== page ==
Uber’s amazing geospatial data viz tool joins the open source community
Imagine a geospatial data visualization tool that doesn’t require coding, works in the browser, doesn’t need to be installed, can render millions of GPS points in the blink of an eye, and is super-easy to use. That’s Uber’s kepler.gl geospatial tool for you in a nutshell.
Uber has always recognized location data as one of its biggest assets. It is what has governed the decision-making process across the board at the ride-hailing startup. Uber has used analytics of location big data to understand how many trips start at a particular location, determine the most convenient pickup points for its riders, find out the fastest routes, and even see how many drivers make interstate trips.
Naturally, Uber’s need for fast exploration of geospatial big data led to the birth of kepler.gl. Shan He, the architect behind kepler.gl, describes the platform as, “a data-agnostic, high-performance web-based application for visual exploration of large-scale geolocation data sets. Built on top of deck.gl, kepler.gl can render millions of points representing thousands of trips and perform spatial aggregations on the fly.”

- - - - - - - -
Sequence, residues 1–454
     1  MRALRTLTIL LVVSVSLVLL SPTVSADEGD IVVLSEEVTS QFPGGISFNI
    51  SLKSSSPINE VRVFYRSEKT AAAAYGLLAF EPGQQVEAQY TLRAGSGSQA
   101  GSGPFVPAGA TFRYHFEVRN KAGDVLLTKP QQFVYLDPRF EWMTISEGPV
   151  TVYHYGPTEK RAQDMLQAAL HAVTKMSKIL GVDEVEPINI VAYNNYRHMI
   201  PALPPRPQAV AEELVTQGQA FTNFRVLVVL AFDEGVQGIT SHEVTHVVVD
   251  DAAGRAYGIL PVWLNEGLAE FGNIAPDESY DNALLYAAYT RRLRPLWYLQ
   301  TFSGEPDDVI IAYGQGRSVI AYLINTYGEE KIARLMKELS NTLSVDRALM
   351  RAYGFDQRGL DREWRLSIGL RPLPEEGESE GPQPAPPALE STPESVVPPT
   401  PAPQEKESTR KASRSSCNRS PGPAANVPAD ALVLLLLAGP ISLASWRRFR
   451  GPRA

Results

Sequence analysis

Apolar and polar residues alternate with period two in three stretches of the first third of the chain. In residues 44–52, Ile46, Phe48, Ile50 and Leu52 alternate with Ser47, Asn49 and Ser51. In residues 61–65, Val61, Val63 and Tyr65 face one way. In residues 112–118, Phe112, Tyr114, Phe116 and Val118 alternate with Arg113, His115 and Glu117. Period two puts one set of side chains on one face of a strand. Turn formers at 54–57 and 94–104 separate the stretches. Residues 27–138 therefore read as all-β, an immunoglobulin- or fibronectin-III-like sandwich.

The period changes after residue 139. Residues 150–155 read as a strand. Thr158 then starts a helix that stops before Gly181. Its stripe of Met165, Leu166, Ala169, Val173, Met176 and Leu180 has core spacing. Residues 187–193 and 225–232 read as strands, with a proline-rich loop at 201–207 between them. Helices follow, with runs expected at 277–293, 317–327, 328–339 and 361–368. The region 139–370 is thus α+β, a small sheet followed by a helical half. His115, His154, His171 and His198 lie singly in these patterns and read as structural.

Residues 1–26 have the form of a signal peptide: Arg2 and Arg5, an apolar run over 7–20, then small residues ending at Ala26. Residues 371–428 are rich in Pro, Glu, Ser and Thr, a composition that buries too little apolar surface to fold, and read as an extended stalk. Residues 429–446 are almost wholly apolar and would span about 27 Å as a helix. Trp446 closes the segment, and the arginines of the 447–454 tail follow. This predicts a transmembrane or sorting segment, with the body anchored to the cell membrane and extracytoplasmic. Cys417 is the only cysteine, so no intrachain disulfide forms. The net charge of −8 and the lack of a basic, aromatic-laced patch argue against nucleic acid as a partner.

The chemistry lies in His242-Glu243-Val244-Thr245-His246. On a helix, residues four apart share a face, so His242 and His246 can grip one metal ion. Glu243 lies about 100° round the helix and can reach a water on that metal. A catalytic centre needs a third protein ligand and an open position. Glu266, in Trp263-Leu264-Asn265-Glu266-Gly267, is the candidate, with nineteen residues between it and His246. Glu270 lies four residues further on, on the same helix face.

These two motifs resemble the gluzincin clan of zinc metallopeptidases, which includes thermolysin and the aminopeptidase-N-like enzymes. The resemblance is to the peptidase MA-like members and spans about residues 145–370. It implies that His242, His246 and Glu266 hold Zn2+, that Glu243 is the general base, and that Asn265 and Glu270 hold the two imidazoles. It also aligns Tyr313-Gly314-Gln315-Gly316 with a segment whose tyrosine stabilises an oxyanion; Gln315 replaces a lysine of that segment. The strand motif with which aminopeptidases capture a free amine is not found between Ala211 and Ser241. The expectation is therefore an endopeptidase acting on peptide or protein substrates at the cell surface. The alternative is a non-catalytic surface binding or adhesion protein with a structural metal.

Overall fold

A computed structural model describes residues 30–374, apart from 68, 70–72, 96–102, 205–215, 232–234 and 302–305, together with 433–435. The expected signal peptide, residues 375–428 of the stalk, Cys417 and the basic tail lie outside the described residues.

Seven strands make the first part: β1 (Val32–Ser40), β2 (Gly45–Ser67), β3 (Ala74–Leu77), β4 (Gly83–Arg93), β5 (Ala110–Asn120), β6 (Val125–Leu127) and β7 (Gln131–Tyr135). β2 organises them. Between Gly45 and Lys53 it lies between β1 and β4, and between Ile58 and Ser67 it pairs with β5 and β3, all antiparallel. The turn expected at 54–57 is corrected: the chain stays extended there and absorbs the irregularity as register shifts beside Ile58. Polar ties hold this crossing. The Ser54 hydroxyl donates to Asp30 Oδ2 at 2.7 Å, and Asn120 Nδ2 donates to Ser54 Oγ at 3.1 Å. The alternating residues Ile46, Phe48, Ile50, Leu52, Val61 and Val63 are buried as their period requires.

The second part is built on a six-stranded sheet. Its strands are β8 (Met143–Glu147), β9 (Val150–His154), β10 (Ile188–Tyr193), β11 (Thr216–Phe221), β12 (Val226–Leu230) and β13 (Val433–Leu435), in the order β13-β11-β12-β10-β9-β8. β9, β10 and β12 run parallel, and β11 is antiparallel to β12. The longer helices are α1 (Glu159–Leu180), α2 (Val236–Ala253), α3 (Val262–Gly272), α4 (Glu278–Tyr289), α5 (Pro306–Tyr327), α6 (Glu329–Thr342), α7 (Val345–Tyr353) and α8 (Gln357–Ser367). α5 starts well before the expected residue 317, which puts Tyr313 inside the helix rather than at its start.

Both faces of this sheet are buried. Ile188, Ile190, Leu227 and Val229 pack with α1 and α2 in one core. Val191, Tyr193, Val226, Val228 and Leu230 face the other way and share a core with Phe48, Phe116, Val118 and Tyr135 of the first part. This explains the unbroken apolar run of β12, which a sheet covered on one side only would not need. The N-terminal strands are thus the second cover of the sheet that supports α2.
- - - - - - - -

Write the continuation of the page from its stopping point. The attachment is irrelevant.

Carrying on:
Last week, Uber made the kepler.gl toolbox open source. It comes preloaded with Mapbox and all you’ve got to do is drop in a CSV or a JSON file to have the tool up and running in seconds. It’s been reported to be even easier than Tableau by early users, and you can see some of the beautiful visualization types it would allow you to explore below:
Uber explains that all layer geometry calculations are GPU-accelerated, which has enabled a smooth rendering of millions of points and made kepler.gl a much more powerful web tool than traditional cartography software. There are plenty of filter options for you to play around with, including adding time playbacks to visualize spatiotemporal data, excluding outliers using histograms, and refining data to a smaller set for comparison.
Below, you can see a sample origin-destination map created by the team at Uber using kepler.gl. Leveraging the commute data of residents in England and Wales, this map uses bi-color arcs to connect the residences (in yellow) and workplaces (in magenta).
We are hoping to see some really cool maps come out of this platform. You can get started on your first one here.
Meet Argis – the startup that is bringing GIS data into the three-dimensional world #TheNextGeo